East Timorese Sell Their Coffee to Starbucks, Starve at Home
The waiters served customers in their usual sluggish manner, but seemed markedly slower. For Kolkata’s famous intellectual hub Coffee House was in mourning at the passing away of Manna Dey who rendered the famous song that for generations has been regarded as its anthem. Thirty years back, Dey recorded ‘ Coffee Houser sei addata aaj ar nei’ (The chat sessions at the Coffee House have faded away) capturing the ‘golden late afternoons’ spent by seven friends at the joint and the successes, frustrations, tragedies and disappointments which they experienced in their later lives. The song, which told the story of artist Nikhilesh, guitarist D’souza, journalist Moidul, wannabe poet Amol, has steeped with nostalgia generations of Kolkatans – who spent such golden moments of their youth and student lives in coffee houses with dreams of a new world order or a career of creativity, only to lose their way in the labyrinth of harsh reality. Thirty years back, Dey recorded ‘Coffee Houser’ capturing the ‘golden late afternoons’ spent by seven friends.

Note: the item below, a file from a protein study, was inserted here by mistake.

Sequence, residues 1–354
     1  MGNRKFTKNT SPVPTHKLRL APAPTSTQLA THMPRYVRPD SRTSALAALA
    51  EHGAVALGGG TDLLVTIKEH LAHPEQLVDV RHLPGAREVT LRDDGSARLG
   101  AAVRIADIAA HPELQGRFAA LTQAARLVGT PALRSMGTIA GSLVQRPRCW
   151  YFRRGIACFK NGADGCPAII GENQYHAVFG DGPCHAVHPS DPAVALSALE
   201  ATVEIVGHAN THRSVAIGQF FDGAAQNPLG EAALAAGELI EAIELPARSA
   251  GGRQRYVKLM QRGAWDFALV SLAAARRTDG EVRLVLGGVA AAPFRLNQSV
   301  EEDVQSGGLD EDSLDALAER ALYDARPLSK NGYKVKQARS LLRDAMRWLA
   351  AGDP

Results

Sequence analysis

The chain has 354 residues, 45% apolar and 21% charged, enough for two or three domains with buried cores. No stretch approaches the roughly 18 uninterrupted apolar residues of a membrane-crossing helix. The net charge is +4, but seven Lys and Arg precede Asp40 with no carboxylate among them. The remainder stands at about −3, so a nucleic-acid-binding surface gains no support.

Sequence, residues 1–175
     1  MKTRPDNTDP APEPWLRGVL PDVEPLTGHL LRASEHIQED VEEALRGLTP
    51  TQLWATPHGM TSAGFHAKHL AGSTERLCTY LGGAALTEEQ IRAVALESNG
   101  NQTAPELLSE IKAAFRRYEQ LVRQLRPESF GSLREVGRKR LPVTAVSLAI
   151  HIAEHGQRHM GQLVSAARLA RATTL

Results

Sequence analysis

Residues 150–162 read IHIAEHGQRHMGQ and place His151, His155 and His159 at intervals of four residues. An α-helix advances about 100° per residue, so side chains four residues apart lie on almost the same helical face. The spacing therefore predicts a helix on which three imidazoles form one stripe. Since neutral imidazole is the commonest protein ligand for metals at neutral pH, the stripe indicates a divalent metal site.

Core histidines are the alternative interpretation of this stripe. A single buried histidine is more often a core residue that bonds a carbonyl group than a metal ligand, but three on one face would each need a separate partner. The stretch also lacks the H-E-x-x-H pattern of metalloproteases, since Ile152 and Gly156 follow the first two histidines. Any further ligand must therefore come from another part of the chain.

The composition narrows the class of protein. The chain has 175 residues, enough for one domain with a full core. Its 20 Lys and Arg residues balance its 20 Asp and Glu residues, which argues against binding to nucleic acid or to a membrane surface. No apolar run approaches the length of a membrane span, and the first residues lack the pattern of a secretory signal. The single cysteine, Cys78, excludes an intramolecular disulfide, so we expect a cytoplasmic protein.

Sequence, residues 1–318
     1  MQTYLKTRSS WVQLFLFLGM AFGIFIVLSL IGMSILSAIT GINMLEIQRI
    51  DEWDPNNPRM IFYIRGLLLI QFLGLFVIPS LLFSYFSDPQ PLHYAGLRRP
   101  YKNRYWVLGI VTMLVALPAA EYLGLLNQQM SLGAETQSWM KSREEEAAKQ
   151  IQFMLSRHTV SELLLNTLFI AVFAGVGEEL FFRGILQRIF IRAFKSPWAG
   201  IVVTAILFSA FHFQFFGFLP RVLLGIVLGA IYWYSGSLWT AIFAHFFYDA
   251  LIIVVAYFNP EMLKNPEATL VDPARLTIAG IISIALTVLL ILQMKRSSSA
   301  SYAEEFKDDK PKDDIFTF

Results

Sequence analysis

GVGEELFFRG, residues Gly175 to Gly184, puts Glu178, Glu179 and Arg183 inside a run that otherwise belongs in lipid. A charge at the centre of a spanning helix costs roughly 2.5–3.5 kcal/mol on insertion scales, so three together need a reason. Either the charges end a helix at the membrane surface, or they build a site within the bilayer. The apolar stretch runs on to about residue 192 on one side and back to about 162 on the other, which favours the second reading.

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Ironically, East Timors vast offshore oil and gas fields have led to a capital fund worth of around $11.7 bn. This cash offers huge opportunities for poverty alleviation, but opinion is split on how best to invest it. Why not on education, which might produce a generation of skilled citizens? says Kingsbury.
For the original version including any supplementary images or video, visit http://world.time.com/2013/10/25/the-east-timorese-are-selling-tons-of-great-organic-coffee-but-they-still-starve/